Painkillers Don't Boost Blood Pressure in Healthy Men

But study authors say more research needed to examine potential risks

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By Amanda Gardner
HealthDay Reporter

MONDAY, Sept. 12, 2005 (HealthDay News) -- Contradicting some previous research, a new study finds that frequent use of painkillers including nonsteroidal anti-inflammatory drugs (NSAIDs) does not substantially increase a healthy man's risk of developing hypertension.

The findings, which appear in the Sept. 12 issue of Archives of Internal Medicine, may muddy the picture more than clarify it.

"It's inconclusive," said Dr. Joel S. Bennett, a spokesman for the American Heart Association who is with the division of hematology/oncology at the University of Pennsylvania School of Medicine. "Most epidemiological studies have to be done multiple times before you can be sure."

Past research involving women had suggested there might be a link between pain relievers and hypertension, also known as high blood pressure.

"We don't know what all the answers are," conceded senior author Dr. J. Michael Gaziano, a cardiologist and epidemiologist at Brigham and Women's Hospital in Boston. "We need to better understand what's going on in larger observational studies and randomized trials. We need careful additional study of the question."

Hypertension is a major risk factor for cardiovascular disease, including stroke, heart attack and heart failure, as well as for kidney disease.

While the authors of this study stated that obesity is probably the major contributing factor to an increased risk for heart disease, they pointed to suspicions that other factors, such as NSAID use, may also play a role. NSAIDs inhibit production of prostaglandin, which helps regulate blood pressure.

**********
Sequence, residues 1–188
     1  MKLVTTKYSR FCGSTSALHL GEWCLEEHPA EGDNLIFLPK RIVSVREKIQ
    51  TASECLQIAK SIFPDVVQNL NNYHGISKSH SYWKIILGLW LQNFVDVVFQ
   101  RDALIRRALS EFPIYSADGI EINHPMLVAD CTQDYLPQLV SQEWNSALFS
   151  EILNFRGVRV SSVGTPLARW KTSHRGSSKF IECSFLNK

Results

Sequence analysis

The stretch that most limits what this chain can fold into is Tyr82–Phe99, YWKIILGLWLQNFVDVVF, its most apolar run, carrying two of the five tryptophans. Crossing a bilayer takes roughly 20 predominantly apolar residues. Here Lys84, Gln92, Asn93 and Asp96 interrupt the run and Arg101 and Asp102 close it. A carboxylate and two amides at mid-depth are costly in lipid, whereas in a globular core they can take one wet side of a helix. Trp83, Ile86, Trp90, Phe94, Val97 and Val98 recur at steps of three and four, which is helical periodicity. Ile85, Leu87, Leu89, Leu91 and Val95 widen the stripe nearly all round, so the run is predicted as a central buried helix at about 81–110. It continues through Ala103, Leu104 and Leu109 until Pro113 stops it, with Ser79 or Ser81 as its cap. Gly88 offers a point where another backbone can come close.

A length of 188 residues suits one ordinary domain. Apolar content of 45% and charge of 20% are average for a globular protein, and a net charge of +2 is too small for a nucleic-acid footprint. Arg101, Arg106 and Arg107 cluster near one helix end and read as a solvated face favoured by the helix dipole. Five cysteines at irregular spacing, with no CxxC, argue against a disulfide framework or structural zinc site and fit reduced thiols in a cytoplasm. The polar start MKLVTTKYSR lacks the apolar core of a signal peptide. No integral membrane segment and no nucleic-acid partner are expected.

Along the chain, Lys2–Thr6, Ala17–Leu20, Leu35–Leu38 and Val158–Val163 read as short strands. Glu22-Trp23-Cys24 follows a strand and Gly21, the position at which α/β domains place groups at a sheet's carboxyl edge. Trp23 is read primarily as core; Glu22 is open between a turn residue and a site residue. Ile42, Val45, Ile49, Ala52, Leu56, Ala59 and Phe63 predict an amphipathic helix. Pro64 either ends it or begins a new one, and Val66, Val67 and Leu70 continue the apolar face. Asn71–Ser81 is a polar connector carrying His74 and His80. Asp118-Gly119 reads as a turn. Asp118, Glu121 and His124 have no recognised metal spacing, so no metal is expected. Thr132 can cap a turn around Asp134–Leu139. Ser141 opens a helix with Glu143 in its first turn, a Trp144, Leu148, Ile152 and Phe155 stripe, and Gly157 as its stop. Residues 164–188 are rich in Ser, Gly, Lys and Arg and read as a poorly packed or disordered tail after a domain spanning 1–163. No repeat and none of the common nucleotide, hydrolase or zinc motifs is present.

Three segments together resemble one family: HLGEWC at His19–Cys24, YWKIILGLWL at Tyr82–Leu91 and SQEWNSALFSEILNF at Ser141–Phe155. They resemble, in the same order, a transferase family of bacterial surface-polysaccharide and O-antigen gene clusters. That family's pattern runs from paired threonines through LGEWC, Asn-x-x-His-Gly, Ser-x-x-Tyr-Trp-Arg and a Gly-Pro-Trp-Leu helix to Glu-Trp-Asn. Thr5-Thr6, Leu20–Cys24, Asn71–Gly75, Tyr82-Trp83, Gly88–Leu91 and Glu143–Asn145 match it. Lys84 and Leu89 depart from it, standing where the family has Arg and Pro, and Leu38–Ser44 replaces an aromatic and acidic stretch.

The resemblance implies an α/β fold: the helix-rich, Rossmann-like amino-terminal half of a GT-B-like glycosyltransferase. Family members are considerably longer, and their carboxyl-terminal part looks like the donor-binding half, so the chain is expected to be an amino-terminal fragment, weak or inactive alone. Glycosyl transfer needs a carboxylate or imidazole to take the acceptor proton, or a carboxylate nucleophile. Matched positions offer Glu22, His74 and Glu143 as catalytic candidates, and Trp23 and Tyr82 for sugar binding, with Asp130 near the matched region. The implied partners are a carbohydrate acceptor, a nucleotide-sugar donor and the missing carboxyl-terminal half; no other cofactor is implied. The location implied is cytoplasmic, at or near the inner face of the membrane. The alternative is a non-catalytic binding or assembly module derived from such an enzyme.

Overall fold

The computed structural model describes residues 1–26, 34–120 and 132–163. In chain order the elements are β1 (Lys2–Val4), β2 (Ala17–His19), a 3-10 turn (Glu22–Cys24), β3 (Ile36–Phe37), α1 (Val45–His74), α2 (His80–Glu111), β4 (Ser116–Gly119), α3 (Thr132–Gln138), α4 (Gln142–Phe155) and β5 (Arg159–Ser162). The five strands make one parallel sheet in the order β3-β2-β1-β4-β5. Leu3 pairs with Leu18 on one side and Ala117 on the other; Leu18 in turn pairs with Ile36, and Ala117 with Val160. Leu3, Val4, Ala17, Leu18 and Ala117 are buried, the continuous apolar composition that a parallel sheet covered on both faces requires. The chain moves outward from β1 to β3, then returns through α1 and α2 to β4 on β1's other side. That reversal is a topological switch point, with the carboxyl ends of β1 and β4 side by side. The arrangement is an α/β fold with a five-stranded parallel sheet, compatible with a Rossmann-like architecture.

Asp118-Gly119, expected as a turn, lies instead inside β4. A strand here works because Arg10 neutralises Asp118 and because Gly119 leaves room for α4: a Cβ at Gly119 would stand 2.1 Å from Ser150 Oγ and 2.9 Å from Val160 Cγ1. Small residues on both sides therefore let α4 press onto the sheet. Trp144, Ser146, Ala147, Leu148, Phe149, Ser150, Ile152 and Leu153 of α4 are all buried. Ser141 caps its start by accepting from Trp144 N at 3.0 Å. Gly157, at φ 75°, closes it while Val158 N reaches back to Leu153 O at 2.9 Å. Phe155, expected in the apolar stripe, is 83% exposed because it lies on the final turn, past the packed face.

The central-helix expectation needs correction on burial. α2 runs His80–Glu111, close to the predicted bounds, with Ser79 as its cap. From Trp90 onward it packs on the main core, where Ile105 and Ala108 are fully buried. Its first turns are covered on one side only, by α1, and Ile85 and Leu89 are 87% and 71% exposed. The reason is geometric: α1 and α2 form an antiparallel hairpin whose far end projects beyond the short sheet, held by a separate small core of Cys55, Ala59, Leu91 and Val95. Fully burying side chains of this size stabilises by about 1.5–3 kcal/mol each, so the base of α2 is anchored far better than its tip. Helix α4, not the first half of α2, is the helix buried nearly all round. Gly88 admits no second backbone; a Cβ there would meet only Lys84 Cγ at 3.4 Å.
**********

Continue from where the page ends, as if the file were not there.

The study researchers looked at 8,229 healthy male physicians aged 53 to 97 enrolled in the Physicians' Health Study. None of the participants had hypertension at the beginning of the trial. All completed detailed questionnaires about use of analgesics (pain relievers) and blood pressure over a six-year period.

After about six years of follow-up, there appeared to be no association between use of painkillers and hypertension. Specifically, the study looked at three types of pain relievers: NSAIDs, aspirin and the non-NSAID acetaminophen (Tylenol).

When a more detailed analysis was performed, the data indicated there might be a small-to-moderate increase of hypertension risk tied to acetaminophen use, the study found.

The study was funded by the National Institutes of Health and by an unrestricted research grant from McNeil Consumer & Specialty Pharmaceuticals, the maker of Tylenol. It was concerned only with the disease of hypertension and not with transient changes in blood pressure that these drugs can cause.

Despite the contradictory findings involving women, the study authors don't believe that gender affects reaction to the drugs.

"We don't think that women and men are different," said Gaziano, who serves as a consultant for McNeil Consumer & Specialty Pharmaceuticals. "This is observational epidemiology. A lot of people might conclude incorrectly that men must be different than women, and rather than that conclusion, we don't fully know the whole story of analgesics and their ability to cause hypertension in men or women."

It's possible, however, that pain relievers might heighten the risk of hypertension in certain groups of people. "These were healthy men and some of those blood pressure changes seen in other trials may be more pronounced in susceptible populations," Gaziano said.

Gaziano believes that short-term use of over-the-counter pain killers is probably safe, as long as the drugs are taken as indicated.

"Even if there are going to be any effects on blood pressure, they're going to be transient and are not going to translate into any meaningful risk," he said.

But, he added, "we really need better trial data on the long-term consequences."

Bennett said, "This suggests that over the long term, these analgesics are not going to cause hypertension."

More information

The American Heart Association has more on hypertension.

SOURCES: J. Michael Gaziano, M.D., cardiologist and epidemiologist at Brigham and Women's Hospital and VA Boston; Joel S. Bennett, M.D., spokesman, American Heart Association, and hematology/oncology division, department of medicine, University of Pennsylvania School of Medicine, Philadelphia; Sept. 12, 2005, Archives of Internal Medicine

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